People collect all manner of things – coins, stamps, dishes, comic books, trading cards, antique furniture, vintage toys. Something we all collect with the passing of years, like it or not, are scars. My wife and I were talking about this recently, in light of surgeries we’ve undergone – major and minor – that left permanent physical reminders.
I also have scars on my hands from encounters with sharp objects. One was etched in my skin by the edge of a metal door frame while carrying a large box out of a store years ago. The others? I’ve long forgotten how I got those.
We also acquire other kinds of scars over time, although some aren’t outwardly visible. They can be byproducts of extremely difficult work situations, overwhelming financial challenges, painful relationships or other issues. Those problems may have gotten resolved, but their memory remains imbedded in our psyches.
But scars aren’t necessarily bad. Surgical scars, for instance, can be reminders of successful procedures to correct defects or heal diseased organs. Scars of everyday struggles can also be beneficial, prompting us to remember lessons that helped transform us into better people.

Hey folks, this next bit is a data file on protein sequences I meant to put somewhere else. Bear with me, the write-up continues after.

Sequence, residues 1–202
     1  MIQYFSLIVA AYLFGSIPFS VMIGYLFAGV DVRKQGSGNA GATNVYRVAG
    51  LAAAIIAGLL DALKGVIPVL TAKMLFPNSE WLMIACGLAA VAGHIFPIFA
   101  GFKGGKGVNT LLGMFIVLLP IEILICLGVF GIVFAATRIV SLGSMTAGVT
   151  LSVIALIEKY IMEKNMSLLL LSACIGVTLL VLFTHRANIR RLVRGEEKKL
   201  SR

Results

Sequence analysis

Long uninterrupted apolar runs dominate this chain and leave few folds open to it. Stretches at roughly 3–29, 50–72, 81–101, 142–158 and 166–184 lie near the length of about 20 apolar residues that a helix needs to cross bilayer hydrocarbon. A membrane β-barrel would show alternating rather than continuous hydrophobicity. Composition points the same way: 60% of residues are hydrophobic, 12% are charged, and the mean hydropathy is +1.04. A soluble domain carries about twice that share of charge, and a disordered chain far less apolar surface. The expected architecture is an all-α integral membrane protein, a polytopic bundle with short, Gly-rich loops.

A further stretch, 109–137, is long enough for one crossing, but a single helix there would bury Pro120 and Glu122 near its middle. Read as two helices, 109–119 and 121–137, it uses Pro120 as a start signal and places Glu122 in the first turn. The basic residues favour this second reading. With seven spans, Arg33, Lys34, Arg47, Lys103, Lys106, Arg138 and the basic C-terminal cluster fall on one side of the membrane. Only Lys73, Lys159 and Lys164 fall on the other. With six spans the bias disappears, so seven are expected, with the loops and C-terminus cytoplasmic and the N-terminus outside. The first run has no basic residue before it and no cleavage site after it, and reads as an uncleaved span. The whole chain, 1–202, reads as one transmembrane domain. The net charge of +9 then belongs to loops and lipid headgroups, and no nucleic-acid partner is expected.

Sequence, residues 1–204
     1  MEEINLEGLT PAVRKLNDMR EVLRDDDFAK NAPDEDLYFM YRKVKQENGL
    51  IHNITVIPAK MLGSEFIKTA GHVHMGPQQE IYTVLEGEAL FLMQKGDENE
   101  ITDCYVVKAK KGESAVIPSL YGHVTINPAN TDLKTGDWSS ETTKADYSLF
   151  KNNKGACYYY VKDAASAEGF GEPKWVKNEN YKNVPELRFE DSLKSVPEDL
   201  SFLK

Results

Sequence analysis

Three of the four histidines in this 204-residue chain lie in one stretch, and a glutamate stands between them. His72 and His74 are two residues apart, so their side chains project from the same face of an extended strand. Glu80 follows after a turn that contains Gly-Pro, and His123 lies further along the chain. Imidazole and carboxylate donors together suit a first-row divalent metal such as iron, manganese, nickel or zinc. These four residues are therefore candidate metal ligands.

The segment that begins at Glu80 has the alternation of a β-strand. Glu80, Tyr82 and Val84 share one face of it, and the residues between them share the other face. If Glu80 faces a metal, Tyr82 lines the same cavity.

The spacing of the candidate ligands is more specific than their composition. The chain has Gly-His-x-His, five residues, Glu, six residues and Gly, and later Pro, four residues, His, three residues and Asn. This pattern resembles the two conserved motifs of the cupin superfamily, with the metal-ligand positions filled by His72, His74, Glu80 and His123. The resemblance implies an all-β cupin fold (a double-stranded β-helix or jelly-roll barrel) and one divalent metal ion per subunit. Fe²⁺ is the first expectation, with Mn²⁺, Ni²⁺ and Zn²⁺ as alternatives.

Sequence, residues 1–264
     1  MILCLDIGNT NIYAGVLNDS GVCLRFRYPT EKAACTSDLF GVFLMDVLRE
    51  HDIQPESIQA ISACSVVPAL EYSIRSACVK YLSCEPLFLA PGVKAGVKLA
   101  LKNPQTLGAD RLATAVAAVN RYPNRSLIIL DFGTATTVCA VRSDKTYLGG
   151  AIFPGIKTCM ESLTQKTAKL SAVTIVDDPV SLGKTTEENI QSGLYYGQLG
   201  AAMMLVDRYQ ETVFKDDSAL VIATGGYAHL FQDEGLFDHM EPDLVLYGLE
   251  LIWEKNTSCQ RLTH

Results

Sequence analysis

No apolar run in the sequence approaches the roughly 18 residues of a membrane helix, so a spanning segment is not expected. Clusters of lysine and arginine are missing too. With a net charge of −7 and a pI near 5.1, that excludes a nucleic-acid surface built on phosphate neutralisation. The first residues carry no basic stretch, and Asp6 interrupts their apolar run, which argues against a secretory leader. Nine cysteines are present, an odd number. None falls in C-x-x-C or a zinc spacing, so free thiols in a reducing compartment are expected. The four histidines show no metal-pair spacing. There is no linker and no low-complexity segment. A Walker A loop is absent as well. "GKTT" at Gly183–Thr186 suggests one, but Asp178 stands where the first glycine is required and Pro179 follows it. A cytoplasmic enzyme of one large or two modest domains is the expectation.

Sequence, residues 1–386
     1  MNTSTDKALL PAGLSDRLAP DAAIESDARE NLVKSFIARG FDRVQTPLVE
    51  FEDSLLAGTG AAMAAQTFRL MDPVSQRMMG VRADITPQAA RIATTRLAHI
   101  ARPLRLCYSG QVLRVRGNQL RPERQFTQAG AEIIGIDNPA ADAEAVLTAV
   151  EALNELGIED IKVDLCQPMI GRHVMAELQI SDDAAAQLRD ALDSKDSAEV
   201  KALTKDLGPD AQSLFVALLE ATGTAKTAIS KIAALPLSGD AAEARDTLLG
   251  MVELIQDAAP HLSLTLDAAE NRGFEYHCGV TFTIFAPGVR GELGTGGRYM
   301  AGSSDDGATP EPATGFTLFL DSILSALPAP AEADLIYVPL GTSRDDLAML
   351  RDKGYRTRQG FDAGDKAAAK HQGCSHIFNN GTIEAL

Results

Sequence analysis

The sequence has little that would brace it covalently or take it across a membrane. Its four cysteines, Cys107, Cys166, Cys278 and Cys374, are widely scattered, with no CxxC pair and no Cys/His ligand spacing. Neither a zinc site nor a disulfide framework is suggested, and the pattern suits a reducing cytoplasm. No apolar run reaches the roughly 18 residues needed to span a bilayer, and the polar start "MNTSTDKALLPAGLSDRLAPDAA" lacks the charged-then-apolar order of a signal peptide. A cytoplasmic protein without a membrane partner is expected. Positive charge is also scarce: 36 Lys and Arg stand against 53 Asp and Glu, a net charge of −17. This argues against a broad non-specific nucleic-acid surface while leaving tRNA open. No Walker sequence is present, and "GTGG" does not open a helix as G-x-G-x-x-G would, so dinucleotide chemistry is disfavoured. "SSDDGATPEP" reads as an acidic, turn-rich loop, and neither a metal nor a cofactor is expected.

That person who used to scrape against you like sandpaper might have been God’s means for smoothing rough edges. On-the-job hardships may have helped you to refine skills – or confirm your need to change careers. Agonies over mishandled finances might have taught you to become a wiser steward of your resources.
The Bible tells us, “Consider it pure joy, my brothers, whenever you face trials of many kinds, because you know that the testing of your faith develops perseverance. Perseverance must finish its work so that you may be mature and complete, not lacking anything” (James 1:2-4).
Memories of hard times in the past may remain, but if we have learned from them, shaping us into more mature and complete individuals, the pain – and scars we bear as souvenirs – were worth enduring.